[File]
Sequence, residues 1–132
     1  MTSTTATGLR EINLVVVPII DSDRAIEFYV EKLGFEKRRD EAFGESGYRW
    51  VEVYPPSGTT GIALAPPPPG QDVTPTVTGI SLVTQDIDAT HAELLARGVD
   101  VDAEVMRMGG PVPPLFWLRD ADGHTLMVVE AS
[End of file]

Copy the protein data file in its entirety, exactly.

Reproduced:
Sequence, residues 1–132
     1  MTSTTATGLR EINLVVVPII DSDRAIEFYV EKLGFEKRRD EAFGESGYRW
    51  VEVYPPSGTT GIALAPPPPG QDVTPTVTGI SLVTQDIDAT HAELLARGVD
   101  VDAEVMRMGG PVPPLFWLRD ADGHTLMVVE AS